The chill in the early winter morning didn’t stop anyone from coming. The news had ripped through town like a kid opening a Christmas present, and one by one people from all around were filing in through the door, hoping to get one last doughnut. Even with the best efforts, the shelves were almost empty by 8 that morning.

If you have lived in Douglas for any amount of time, attended a wedding or birthday or enjoyed the doughnuts that someone had brought into work, then you have experienced one of the tastiest treats around.

The two-story building across from the bowling alley has been a local establishment that generations of Douglasites have enjoyed. It was the place to go for some candy after a swim in the town pool on a hot summer day. The screen door creaks as you open it and the chime rings loud as you cross the threshold and step on the welcome mat.

Now after 56 years in business, the Home Bakery has closed its doors for good.

“We opened the place in 1962, I think,” owner and baker George Smith recalled. “We opened it when we moved here to Douglas.”

After considering a bakery job in Texas, George and his wife Mae came west from Nebraska to check out the new truck stop that was being built east of Douglas.

“We got lost in Glendo,” Smith recalled with a laugh.

One of the original owners of the Big Wheel Truckstop moved the bakery to the building on Third Street, and the Smiths were offered the opportunity to run the bakery.

The building has a second floor which had eight small rooms for living quarters, which wouldn’t work for the Smith family, according to George. So a builder was contacted and the top floor was transformed into an apartment.

“It turned out to be a really nice place for a family,” Smith said.

One part of the bakery was working with Wonder Bread and delivering bread items to all the little shops in town.

“Back then, Douglas was small town U.S.A.,” Smith said. “I’ll never forget (after a year of running the bakery) – Beef Bolln owned the building. Beef came in the building one day and asked why I didn’t buy the building, not knowing that he owned it.”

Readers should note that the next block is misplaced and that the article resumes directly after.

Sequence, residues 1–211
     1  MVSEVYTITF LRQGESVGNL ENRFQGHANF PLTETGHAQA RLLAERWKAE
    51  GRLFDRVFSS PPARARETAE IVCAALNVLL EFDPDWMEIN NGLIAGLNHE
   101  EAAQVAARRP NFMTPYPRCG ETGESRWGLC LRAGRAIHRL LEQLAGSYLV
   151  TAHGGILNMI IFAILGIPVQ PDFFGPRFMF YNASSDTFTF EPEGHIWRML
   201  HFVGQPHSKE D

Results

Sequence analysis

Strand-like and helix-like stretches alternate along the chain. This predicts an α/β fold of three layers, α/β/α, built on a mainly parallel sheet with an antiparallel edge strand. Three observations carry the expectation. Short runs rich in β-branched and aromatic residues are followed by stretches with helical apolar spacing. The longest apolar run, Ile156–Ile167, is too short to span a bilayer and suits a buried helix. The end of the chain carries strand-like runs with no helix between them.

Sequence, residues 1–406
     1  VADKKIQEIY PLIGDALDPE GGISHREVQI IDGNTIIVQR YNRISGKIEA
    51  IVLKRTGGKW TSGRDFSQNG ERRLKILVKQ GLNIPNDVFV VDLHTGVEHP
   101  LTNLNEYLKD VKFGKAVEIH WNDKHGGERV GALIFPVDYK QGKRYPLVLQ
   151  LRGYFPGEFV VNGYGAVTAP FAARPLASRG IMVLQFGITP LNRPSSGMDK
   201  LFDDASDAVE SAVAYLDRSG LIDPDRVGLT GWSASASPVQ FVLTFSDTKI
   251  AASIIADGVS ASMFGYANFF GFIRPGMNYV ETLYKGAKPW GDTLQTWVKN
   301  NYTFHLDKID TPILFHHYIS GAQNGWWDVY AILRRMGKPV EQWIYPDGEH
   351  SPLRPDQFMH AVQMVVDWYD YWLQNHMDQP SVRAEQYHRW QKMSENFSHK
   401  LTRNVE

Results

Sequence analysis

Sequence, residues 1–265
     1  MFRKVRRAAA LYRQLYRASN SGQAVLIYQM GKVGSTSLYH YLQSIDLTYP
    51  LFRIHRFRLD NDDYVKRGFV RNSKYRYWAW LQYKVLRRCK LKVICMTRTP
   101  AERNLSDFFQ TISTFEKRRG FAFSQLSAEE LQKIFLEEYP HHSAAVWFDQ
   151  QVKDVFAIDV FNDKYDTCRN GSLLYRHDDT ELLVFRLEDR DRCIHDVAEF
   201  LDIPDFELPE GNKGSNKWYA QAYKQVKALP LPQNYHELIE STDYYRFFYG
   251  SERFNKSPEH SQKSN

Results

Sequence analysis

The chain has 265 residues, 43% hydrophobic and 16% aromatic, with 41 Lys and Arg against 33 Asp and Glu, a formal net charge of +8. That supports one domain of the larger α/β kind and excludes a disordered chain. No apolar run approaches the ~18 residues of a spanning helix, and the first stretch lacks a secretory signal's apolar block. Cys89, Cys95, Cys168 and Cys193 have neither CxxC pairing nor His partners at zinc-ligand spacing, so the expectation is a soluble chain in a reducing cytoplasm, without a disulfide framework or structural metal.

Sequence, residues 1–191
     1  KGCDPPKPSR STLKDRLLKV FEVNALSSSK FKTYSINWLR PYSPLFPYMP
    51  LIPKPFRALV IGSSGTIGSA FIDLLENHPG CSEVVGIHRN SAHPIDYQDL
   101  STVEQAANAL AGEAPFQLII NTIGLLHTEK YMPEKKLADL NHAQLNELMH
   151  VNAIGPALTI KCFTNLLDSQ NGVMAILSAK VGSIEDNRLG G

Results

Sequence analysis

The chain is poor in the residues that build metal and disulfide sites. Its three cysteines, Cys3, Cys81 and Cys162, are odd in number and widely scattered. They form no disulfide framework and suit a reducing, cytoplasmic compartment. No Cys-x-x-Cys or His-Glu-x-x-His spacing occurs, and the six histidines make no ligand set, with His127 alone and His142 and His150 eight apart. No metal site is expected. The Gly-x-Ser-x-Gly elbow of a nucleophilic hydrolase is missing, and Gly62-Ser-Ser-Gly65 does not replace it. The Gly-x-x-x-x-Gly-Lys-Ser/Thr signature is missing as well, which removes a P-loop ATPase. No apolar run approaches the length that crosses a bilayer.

Smith replied with sure he’d like to, but where would he get the money?

“Beef left and I didn’t give it another thought,” Smith said. “Not one word was said for the next 30 days. Beef then came in and told me to get over to Provident Federal Credit Union to sign the papers.”

Smith recounts how that’s the way that business was conducted in Douglas. People knew everyone and all it took was a handshake to confirm a deal.

Bolln had arranged financing and coordinated the sale of the building. If that hadn’t have happened, Smith is sure that they would have moved on to a bigger community.

“Back then there were only 2,900 people in the whole county,” Smith said. “We weren’t sure we would stay.”

So for the next five-plus decades, George and Mae raised a family while they ran the bakery and supplied Douglas with cakes, cookies, fresh bread, rolls and other treats.

“I can’t even venture a guess as to how many cakes we’ve done over the years,” Smith said. “We’ve done so many wedding cakes over the years. We’ve even made wedding cakes for second and third generations.”

During the more recent years, George and Mae have slowed down and looked for someone to take over the business. The bakery has been on the market for a number of years, and Smith wasn’t sure they’d ever find a buyer. That’s when their realtor decided to sell it as a building, not a business.

“That changed everything,” Smith said.

In a short time, their building was viewed and the contract to buy was written up.

The last day of business was bittersweet as locals came in one by one to buy doughnuts, which sold out before 8 that morning, and many wished George and Mae well on their new chapter. When the doughnuts were sold out, people grabbed the cookies by the dozen just to have that one last taste of their childhood.

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